"If he walks in and buys a zeppole and walks out that's okay," the judge said, but it could be problematic "if he walks in and has a conversation for an hour."
Dwyer added that Badamo could politely say ciao to old pals with a reputation as long as he keeps moving.
"If he's walking down the street and sees an old friend, he can say ‘hi’ and end the conversation," the judge said.
Aiello lawyer Stacey Richman had asked for a list of prohibited contacts from prosecutors, challenging the overbroad request and called it a "dangerous restriction."
"The people do not give us a list as to who may be a mob affiliate," Richman said after the hearing.
"The people define pretty much everyone and every place as mob-related."
Richman said that even a McDonald's was made into a "mob locale" at the first trial.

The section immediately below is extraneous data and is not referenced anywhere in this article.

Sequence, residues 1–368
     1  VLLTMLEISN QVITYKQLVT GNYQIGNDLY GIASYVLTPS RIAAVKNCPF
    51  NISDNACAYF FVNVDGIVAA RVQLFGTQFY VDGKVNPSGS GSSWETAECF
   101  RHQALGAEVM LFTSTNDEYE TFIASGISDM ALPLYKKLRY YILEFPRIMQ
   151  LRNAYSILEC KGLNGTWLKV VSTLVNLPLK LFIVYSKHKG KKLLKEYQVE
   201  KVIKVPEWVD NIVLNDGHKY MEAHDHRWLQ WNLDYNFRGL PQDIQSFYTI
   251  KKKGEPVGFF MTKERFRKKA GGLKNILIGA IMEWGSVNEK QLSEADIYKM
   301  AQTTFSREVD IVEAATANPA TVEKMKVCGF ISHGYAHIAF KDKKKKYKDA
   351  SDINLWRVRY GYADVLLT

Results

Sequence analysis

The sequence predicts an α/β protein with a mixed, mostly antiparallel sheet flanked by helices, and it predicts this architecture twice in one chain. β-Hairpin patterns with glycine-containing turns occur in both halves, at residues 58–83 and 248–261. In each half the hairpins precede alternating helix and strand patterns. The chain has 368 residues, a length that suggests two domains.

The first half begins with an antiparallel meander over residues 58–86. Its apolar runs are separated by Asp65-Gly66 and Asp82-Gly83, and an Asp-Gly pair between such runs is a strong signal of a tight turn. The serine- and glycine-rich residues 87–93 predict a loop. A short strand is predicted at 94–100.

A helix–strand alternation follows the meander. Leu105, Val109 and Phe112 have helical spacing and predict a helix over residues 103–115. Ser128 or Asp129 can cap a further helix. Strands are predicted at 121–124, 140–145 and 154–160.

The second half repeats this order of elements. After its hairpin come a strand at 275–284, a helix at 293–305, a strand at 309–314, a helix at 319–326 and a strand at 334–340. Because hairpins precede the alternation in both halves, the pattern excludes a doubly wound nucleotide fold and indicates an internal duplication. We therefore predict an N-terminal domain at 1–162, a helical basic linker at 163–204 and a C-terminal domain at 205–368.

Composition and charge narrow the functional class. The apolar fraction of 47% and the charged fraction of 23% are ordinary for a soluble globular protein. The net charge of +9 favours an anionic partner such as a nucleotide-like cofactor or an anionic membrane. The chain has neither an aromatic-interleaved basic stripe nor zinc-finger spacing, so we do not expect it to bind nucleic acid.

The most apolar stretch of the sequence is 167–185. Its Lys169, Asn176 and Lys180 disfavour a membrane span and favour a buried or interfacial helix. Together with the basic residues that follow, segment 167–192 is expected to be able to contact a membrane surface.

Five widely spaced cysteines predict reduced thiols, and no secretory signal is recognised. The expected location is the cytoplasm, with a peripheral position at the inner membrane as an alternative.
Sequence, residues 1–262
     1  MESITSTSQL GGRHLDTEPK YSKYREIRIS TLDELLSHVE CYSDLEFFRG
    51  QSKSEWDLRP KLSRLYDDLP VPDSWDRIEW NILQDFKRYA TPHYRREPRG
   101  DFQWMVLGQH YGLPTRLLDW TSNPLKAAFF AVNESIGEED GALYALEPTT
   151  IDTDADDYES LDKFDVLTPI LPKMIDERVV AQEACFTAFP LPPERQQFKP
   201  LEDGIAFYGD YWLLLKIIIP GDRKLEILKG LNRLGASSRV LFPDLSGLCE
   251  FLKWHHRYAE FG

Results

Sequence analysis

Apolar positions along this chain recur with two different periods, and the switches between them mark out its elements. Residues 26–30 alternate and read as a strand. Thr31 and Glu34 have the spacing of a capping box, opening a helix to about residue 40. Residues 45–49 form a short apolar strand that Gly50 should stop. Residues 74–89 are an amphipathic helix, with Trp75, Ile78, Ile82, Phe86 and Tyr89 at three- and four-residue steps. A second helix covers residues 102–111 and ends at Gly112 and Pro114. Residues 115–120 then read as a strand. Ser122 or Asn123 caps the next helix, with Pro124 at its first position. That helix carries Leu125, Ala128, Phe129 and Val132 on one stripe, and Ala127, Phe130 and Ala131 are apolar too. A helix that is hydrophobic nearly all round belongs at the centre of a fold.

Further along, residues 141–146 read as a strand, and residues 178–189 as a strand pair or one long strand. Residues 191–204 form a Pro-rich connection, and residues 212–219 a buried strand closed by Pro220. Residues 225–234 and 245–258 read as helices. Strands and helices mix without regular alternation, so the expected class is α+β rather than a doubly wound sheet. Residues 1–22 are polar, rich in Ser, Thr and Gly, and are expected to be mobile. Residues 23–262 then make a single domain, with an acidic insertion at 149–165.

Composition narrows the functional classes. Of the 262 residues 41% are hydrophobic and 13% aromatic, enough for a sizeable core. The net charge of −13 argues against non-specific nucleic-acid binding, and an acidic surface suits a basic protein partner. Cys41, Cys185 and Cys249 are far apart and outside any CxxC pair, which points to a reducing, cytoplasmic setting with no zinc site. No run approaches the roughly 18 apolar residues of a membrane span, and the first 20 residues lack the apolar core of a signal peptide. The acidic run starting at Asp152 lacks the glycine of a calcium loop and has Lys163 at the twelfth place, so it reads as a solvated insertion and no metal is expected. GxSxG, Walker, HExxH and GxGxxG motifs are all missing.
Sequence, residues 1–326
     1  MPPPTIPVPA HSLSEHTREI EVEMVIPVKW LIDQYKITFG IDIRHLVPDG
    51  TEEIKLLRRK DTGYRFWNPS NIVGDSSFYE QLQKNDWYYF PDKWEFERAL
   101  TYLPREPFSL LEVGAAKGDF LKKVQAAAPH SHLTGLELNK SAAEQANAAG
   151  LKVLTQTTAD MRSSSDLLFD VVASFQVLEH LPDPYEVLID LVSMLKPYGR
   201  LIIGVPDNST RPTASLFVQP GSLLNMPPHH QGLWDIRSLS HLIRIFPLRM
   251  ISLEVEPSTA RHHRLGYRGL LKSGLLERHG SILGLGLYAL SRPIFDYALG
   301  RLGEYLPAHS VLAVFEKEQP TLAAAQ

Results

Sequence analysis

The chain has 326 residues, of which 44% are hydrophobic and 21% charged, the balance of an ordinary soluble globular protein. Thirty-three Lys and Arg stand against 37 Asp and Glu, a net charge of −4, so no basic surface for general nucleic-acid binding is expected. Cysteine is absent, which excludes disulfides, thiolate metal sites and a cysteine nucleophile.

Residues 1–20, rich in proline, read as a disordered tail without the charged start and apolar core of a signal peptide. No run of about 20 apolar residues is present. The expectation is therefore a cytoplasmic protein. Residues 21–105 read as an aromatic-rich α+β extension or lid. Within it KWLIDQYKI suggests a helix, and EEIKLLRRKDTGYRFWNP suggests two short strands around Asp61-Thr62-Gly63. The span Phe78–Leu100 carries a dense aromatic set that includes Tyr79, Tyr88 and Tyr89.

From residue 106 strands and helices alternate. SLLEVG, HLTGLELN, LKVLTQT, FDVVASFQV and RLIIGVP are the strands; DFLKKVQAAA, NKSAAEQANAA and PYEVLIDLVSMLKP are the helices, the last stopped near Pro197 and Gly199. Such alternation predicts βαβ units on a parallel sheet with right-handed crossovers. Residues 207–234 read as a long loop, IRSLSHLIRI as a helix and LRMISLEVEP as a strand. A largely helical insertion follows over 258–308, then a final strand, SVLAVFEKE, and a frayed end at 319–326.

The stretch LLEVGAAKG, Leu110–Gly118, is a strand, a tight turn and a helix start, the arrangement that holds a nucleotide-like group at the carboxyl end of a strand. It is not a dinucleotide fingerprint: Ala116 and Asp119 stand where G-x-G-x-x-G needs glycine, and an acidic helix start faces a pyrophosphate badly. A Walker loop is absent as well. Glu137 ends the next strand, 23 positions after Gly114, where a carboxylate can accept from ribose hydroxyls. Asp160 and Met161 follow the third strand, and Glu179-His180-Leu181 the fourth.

Badamo and Aiello, alleged members of the Bonanno crime family, are charged in an extortion, gambling, loansharking and prescription pill peddling scheme along with alleged boss Nicholas (Nicky Cigars) Santora, 73, and Anthony (Skinny) Santoro, 52.
Santora, who is wheelchair-bound, is still being held on $1 million bond and Santoro is behind bars on $500,000 bail.
They all face a maximum of 25 years behind bars though some of the lesser counts were dismissed against Aiello.
Jury discord and scheduling problems left them without a panel of 12 to deliberate after a lengthy trial.

A new trial date has not yet been set.

FBI, NYPD Arrest Dozens Of Suspected Organized Crime Family Members

August 4, 2016 2:30 PM

NEW YORK (CBSNewYork/AP) — The FBI and NYPD made dozens of arrests Thursday morning in a broad-based mob bust. New York federal prosecutors unveiled an indictment charging nearly four dozen suspects with organized crime-related charges, saying they operated a massive East Coast syndicate.
Prosecutors said the defendants committed crimes ranging from extortion to illegal gambling throughout the East Coast. By 10 a.m., some 41 of those charged were in custody.